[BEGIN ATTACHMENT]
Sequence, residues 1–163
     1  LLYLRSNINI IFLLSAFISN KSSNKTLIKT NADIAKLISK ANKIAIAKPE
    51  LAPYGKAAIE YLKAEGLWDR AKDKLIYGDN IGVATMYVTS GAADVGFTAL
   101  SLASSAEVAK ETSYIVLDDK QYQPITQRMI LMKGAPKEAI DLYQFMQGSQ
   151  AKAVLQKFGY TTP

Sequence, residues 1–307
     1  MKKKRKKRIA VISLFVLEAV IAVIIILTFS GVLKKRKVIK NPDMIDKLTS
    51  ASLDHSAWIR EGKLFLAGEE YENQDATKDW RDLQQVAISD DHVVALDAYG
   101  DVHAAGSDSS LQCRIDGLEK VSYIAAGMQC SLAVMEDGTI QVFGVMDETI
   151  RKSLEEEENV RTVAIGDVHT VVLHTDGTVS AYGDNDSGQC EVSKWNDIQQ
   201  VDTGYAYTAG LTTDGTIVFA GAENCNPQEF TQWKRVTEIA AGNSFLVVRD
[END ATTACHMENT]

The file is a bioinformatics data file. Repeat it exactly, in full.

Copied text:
Sequence, residues 1–163
     1  LLYLRSNINI IFLLSAFISN KSSNKTLIKT NADIAKLISK ANKIAIAKPE
    51  LAPYGKAAIE YLKAEGLWDR AKDKLIYGDN IGVATMYVTS GAADVGFTAL
   101  SLASSAEVAK ETSYIVLDDK QYQPITQRMI LMKGAPKEAI DLYQFMQGSQ
   151  AKAVLQKFGY TTP

Sequence, residues 1–307
     1  MKKKRKKRIA VISLFVLEAV IAVIIILTFS GVLKKRKVIK NPDMIDKLTS
    51  ASLDHSAWIR EGKLFLAGEE YENQDATKDW RDLQQVAISD DHVVALDAYG
   101  DVHAAGSDSS LQCRIDGLEK VSYIAAGMQC SLAVMEDGTI QVFGVMDETI
   151  RKSLEEEENV RTVAIGDVHT VVLHTDGTVS AYGDNDSGQC EVSKWNDIQQ
   201  VDTGYAYTAG LTTDGTIVFA GAENCNPQEF TQWKRVTEIA AGNSFLVVRD